According to measurements, our diet today contains only one third of the amount of phosphatidylcholine compared to the beginning of the last century. Rich sources of lecithin are eggs (especially egg yolks), soybeans, beef and peanuts. Leafy vegetables, potatoes and fruit contain little lecithin. Generally, animal products contain more lecithin, such as fish and liver. Many people take lecithin preparations, which are mainly made from soya.
Lecithin from soy
Most lecithin comes from soybeans. This form can act like a herbal estrogen (phytoestrogen), which is not always desirable. Lecithin can also be extracted from soya via a chemical solvent such as hexane. This hexane can then remain as a residue, albeit in very small amounts. To avoid this, it is necessary to use organic lecithin, as chemical substances are not desirable in the biological food chain. Some people are allergic to soy and should not consume this type of lecithin. Soy is often genetically modified, so when choosing soy lecithin, you should always opt for non-GMO products.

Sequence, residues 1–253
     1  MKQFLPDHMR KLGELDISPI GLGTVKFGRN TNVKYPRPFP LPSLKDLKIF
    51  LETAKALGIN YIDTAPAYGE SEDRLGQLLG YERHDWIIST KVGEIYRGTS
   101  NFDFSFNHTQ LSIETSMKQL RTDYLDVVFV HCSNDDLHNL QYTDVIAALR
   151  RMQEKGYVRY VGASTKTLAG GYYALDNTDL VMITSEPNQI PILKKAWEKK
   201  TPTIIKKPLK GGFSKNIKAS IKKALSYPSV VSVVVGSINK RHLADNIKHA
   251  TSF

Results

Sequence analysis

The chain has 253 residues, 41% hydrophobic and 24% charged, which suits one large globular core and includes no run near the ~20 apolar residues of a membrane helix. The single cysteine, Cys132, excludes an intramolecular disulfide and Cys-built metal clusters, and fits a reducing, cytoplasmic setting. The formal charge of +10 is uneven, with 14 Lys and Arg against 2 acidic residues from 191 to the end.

Standardized dietary supplement
If you want to buy lecithin, read the labels. There is always a certain percentage on the packaging, usually 98 percent. This means that the lecithin is standardized to 98 percent phosphatide. Granules are almost always made from soy lecithin.
Studies mostly use dosages of 500 milligrams to two grams. Positive effects have been demonstrated at these doses. The granules are usually taken per 6.5 grams (about one teaspoon). This can be mixed with oatmeal, muesli, (plant) milk or raw food.
Lecithin is abundant in the egg yolk. This is why the recipe for mayonnaise explicitly mentions the egg yolk: so that the fat (olive oil) and the liquid (vinegar, lemon juice, etc.) mix to a uniform emulsion. If you don’t like egg yolks as much, or are allergic to it, you can also choose liver as a source of lecithin. Since many people, including vegetarians and vegans, don’t like that either, choosing a dietary supplement is a good option. Organic soy granules (non-GMO) is a good choice, but recently there has also been lecithin obtained from sunflower seeds. This is usually available in the form of a powder and can be easily mixed with food and drinks.